Saturday, 16 June 2018

Musings & review on "Siddhartha" by Hermann Heese

Musings while reading...


"Siddhartha had one single goal - to become empty, to become empty of thirst, desire, dreams, pleasure and sorrow - to let the self die. No longer to be self, to experience the peace of an emptied heart, to experience pure thought - that was his goal. When all the self was conquered and dead, when all passions and desires were silent, then the last must awaken, the innermost of being that is no longer self - the great secret."

Siddhartha by Hermann Heese
(At page 21 now)- An ideal student Siddhartha (not one lost like me) but an essentially discontented one (just like me) goes out to discover the great secret- to conquer self and discover the innermost being, the aatma, that is no longer self- detached from pain, need, desire, anything human (perhaps!). He becomes a Samana and finds that the path he is following will never converge to his goal. (happens all the time, isn't it?) His ardent friend, Govinda, on whose mediocrity of thought was he quite sure of, surprises him. Siddhartha overpowers his own guru by the virtues taught by that experienced man - (basically hypnotising- the idea doesn't rhyme with me) and then the seeker and his follower go forth on a path which the seeker thinks is a way no new hope will come but the follower is eager in pursuing. They try to find what everybody is talking of. Will they find Gautama? And what will happen when they do?

(I know all this what Siddhartha seeks- it's so repetitive - then why am I still intent upon reading it? - May be something will come of it - such ideas pull me - why? Where? I know not. Cheesy, eh! ~ 01.49 am, June 29, 2017)

A review...


I had read this book almost a year ago. To be honest, it did not resonate with me that much. So much talk about nirvana, the goal, aatma! I am an Indian. I grew up with these ideas from both Hinduism, Buddhism as well as different interpretations from a Muslim or a Christian point of view. They, when spoken so much about, almost seem redundant. I had heard so much about this book, especially from non-Indian readers in Goodreads that I was really disappointed while reading it. Too much of philosophical talks sometimes seem futile. After almost 67 years after it was written, the end is the predictable. I felt a little annoyed by the protagonist of this book. I am sorry if it sounds judgemental, but this book is a perfect stereotypical viewof a western mindset's amusement and excitement with the "aatma" ideologies of the eastern subcontinent.
A classic by Hermann Heese

Some of the paragraphs stand out independently, which adds to the value of the book a lot. But the stiched into the story, the first half of the narrative seems superfluous. The writer ponders on and onn and onnn, and unlike Henry James' it made me a little impatient. The ideas are deep, very philosophical in nature but with a protagonist who is lost. It seems he is trying to be lost in his quest. His logic sometimes is crisp and intelligent and sometimes "uh!". I really don't identify with him many-a-times. He sometimes seems too full of himself to appreaciate the simplicity of a situation. Flesh is flesh, blood is blood- so why beat about the bush and not accept? He takes the twisted path even when the straight path stares right him in the face. Why? True, we do that in life many-a-times but again the instances used to exemplify that seems a bit overstretched. May be all of this is because there is a gap of half a century's shift in ideologies of the writer and me. Too much of spirituality is perhaps lost on a physics student. But there are a few things I also love about the character SiddharthaHe is fearless to ask. His confidence (sometimes overconfidence, maybe) is appreciable. He dares to take a path which no one has ever taken. He dares to challenge the unchallengable, and he finds his own way.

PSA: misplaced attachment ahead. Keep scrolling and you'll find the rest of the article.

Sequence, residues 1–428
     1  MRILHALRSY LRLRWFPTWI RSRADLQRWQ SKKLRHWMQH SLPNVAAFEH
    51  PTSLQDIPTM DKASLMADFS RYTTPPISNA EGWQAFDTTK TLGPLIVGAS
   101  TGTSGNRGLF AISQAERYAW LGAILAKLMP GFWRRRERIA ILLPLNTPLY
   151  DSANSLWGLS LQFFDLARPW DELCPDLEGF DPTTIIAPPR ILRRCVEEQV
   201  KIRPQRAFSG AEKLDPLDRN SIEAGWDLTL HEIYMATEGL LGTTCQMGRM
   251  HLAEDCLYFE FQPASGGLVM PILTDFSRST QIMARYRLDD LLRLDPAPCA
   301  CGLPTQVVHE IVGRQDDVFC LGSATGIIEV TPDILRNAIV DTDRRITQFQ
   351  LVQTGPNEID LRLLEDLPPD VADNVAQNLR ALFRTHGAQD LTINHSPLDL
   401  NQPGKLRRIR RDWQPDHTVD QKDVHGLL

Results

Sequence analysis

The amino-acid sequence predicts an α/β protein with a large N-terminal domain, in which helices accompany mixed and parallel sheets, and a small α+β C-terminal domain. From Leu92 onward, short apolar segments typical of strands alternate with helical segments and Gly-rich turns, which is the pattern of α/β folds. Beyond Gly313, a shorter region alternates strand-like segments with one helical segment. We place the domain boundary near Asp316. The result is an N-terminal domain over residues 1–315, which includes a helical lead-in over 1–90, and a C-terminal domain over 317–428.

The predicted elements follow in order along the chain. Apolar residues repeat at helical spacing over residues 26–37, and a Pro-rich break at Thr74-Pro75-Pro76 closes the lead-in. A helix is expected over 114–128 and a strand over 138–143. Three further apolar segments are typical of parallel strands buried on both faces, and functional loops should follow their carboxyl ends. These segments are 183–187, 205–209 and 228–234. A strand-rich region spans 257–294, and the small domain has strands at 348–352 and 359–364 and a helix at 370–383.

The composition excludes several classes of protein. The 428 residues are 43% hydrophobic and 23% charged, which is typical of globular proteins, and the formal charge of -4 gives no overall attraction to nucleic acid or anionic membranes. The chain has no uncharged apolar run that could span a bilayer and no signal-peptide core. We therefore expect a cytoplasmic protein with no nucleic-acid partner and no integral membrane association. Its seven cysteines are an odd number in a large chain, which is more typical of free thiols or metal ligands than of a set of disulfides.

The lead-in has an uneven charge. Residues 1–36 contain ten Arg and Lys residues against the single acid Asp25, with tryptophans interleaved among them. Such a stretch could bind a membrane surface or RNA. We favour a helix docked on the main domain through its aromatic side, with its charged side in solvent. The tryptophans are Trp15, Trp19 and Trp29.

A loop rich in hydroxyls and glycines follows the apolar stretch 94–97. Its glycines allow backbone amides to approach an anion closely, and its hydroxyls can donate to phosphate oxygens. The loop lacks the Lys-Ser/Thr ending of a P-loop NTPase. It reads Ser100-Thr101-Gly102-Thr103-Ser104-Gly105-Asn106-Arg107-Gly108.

Those who find wisdom in this book probably look for their appearance as the novel enters its second half - the life of Siddhartha as a ferryman. He learns the same things, the same truth which somehow seems to be staring into his face from a long time and which he refused to identify or mistook for something else. But maybe that final "enlightment" and acceptance has something to do with age and finding what he couldn't before and which he almost forgot about. Now, I am sounding too vague! If this book is kind of a coming-of-age story of a soul, it is maybe a little sad from my perspective. I realte to Sid ( :P ) more when he is older, little bit calmer, and I appreciate that even when he forgot who he was, deep down he never gave up.

Concluding, it was a very different book. Made me wonder and appreciate and roll my eyes at the same but different moments, but I am glad that I read it. Perhaps, you should too. I kind of pushed my comfort zone with it, and gained a little uncomfortable reading experience which I think for some reason is a good thing. I perhaps would have loved this narrative, if this were a short story and not a novel. It is not as crisp as I want it to be, but who cares! Who knows, maybe half a century from now I will find it perfectly plausible.

I give this classic by Hermann Heese (sorry for being so daring, but it is dear old Sid, isn't it? ;) ), three-and-a-half stars! :\

Happy reading! :)

Tuesday, 8 August 2017

A solitary sunset...